The basics of auto insurance are mostly understood by drivers, but when filing a claim for an accident on private property, car insurance may get a little complicated.
It can be an intimidating process, especially if you’re worried the accident will impact your insurance.
The average person has a 30% chance of being involved in a serious car accident during their lifetime, so it’s essential to understand how to file a claim. We’ll take you step-by-step on what to do immediately after an accident occurs whether it’s on public or private property.
Private Property vs. Public Property
Public property refers to any area commonly used by the surrounding public and managed by public authorities. These properties are owned by the state, government, or municipality. Some examples of public property are:
- State-funded hospitals
- Parks and playgrounds
- Public schools
- Sidewalks, streets, and highways
Private property can be owned by a specific individual, business, or group of people and is not state-funded or governed. It can be sold or handed down to another person, group, or business, but it’s unable to be taken for public use. A local restaurant’s parking area is used by the public every day, but it is still considered to be private property since it’s owned by a private owner.
Other examples of private property are private roads, private driveways, and parking garages.
What to Do After a Car Accident on Private Property
The very first thing you should do after you’ve been in an accident on private property is to contact the local police. They may not respond to the scene if it’s a minor accident with no injuries, but it’s still a good idea to call them so they can at least provide you with an incident report.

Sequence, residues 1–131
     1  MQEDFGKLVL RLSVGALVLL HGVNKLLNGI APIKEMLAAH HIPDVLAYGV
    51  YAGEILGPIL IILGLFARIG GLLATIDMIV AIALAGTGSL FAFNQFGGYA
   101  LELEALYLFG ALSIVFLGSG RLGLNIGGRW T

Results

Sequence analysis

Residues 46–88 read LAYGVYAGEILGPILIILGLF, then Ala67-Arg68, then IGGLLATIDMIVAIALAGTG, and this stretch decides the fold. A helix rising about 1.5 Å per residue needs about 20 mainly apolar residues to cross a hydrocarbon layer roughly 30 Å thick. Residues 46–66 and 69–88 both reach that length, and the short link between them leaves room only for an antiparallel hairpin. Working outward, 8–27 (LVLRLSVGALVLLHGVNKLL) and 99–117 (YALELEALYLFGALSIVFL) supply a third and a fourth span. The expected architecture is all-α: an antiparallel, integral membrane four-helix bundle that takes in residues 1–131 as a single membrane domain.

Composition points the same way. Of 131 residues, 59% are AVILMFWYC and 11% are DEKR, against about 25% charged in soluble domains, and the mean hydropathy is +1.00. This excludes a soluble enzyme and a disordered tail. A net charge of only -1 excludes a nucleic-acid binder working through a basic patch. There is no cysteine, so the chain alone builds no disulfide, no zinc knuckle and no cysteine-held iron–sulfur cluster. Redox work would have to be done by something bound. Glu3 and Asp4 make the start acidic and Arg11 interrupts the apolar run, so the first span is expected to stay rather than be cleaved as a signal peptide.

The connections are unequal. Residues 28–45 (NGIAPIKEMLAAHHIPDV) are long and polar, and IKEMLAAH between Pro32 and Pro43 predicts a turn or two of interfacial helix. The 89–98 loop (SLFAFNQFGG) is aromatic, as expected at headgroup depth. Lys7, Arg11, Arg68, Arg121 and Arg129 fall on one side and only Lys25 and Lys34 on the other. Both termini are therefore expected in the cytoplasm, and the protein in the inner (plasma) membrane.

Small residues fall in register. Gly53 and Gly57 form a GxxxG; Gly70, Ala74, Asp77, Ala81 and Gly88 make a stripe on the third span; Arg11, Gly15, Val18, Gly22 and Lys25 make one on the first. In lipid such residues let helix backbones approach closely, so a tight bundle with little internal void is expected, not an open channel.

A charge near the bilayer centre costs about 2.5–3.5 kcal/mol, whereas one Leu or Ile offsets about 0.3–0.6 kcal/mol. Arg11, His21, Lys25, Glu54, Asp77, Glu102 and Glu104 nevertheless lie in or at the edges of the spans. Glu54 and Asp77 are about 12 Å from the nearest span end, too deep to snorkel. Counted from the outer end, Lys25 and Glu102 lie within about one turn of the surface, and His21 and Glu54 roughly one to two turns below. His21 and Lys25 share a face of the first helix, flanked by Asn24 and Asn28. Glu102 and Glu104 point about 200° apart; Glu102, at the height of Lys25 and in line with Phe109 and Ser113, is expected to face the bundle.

Otherwise, you could try getting one from the property owner or someone who works there.
If you were injured during the accident, get medical attention as soon as possible. Putting off receiving medical care after a crash can limit the amount of compensation you can recover for your injuries. Plus the longer you wait, the worse your injuries could get.
The next thing you should do is contact an attorney, even before you speak to your insurance company. This is because your insurance provider will likely try to pay you the smallest amount possible. An experienced attorney will have the expertise to give you advice on how to get what you deserve.
Other things you should do:
- Document everything by taking pictures of the accident scene, your injuries, and property damage. This could include signage or other fixed objects.
- Exchange personal and insurance information with the other party involved in the accident as well as the property owner, if possible. You should also obtain contact information from any eyewitnesses of the crash.
It’s important to remember not to accept any settlement offers from your insurer until you’ve contacted an attorney.
To determine liability in a car accident, you have to identify negligence on the part of the drivers that were involved in the accident. Negligence in accidents that happen on private property is similar to an accident that happens on public property.
However, the main difference between an accident on private property and an accident that happens in a public area is that the owner of the property could share some of the liability. For example, lack of signage or poor visibility could cause an accident and be a result of negligence by the property owner.